Vistors by night
Anthony M. Ludovici
The New Age 25, 1919, p. 432
Reprinted in Too Old for Dolls, pp. 286287
At that deep hour 'twixt midnight and the dawn,
When silence and the darkness strive in vain
For mastery, and Morpheus hath withdrawn
His friendly ward, not to return again;
Lo! Fancy's two-winged doorway wide doth yawn
And uninvited guests arrive amain.
A fateful suite they hover into sight
They are the soul's dread vistors by night.
First come brave Resolutions unfulfilled;
With each his spouse, Ambition unattained.
They have the furtive look of conscience skilled
In palliating failures unexplained.
Their lips are meek with pride that hath been killed
And confidence that hath in sickness waned.
Oh, steel thy heart, thou hapless, sleepless wight,
Against these cheerless visitors by night.
Then come thy throng of petty sins and great,
Their sordid secrets branded on their brow.
Still apprehensive of their darksome fate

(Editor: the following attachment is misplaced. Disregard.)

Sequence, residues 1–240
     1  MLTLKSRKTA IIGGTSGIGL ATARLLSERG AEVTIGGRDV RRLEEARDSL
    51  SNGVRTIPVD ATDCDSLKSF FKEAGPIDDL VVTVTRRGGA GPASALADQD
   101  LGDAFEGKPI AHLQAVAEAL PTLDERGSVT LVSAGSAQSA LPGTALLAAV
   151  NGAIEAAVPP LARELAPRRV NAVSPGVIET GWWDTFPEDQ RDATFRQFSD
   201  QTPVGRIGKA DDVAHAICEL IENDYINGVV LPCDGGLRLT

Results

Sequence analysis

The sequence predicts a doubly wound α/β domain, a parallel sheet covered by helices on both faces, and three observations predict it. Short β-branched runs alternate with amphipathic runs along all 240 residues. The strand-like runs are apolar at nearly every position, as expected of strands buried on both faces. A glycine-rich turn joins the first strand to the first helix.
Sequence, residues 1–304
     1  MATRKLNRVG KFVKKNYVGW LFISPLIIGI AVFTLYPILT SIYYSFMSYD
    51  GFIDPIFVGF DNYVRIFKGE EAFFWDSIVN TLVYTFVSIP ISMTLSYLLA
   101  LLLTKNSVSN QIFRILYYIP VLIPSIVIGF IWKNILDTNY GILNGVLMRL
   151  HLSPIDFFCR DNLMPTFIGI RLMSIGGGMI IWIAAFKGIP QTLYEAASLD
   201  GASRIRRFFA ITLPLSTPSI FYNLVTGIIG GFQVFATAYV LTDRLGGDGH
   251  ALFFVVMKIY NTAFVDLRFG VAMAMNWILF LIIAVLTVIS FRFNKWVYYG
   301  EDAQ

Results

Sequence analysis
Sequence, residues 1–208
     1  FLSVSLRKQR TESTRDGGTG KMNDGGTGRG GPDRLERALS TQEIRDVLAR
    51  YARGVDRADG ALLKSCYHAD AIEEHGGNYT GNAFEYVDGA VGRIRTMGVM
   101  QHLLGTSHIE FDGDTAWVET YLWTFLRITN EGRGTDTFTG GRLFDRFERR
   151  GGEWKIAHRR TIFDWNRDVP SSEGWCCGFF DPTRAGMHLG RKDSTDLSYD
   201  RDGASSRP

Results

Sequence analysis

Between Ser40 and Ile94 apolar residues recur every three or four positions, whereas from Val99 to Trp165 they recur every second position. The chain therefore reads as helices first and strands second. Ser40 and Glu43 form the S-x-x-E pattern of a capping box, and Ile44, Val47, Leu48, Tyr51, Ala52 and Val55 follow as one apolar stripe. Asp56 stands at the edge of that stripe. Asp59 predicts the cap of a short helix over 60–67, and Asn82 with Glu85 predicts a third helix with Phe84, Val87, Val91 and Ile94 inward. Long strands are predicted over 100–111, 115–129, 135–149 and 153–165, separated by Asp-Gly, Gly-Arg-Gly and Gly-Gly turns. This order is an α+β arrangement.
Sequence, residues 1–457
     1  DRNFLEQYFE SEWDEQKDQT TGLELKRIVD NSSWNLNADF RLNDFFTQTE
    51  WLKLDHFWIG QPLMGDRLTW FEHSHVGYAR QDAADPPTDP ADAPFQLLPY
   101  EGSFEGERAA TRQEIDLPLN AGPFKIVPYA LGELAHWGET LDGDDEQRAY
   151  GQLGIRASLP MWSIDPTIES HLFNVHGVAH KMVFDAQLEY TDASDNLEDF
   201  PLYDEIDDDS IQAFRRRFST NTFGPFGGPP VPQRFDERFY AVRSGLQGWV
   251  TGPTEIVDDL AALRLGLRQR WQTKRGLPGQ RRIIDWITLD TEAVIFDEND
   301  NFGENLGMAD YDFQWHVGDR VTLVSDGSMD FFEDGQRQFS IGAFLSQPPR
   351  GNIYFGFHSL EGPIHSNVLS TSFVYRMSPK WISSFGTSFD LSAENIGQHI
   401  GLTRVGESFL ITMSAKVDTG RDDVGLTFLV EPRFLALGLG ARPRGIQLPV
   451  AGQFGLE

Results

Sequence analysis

And craving safe concealment as they bow.
What faithfulness they have to come so late
When thou hadst half-forgotten them by now.
Oh, for a virtue great enough to affright
This ugly brood of visitors by night.
But these are not the worst; there cometh last
A green-clad lady, viperish and ill.
Her bitter lips she biteth and right fast
She grappleth with what spirit thou hast still.
Her poisoned words transfix thee till aghast
Thou marvellest such aching doth not kill.
Her name is Jealousy, thou wretched wight;
The cruellest of visitors by night.
Then Fancy's two-winged doorway slow doth close.
The birds begin to twitter and to sing.
All nature waketh and on pointed toes
Young truant Morpheus stealeth gently in.
Oh, happiness of reinstalled repose,
And balsam for thy cold and sweated skin!
'Twas worse than all the nightmares, blessed wight;
This virgil with these visitors by night.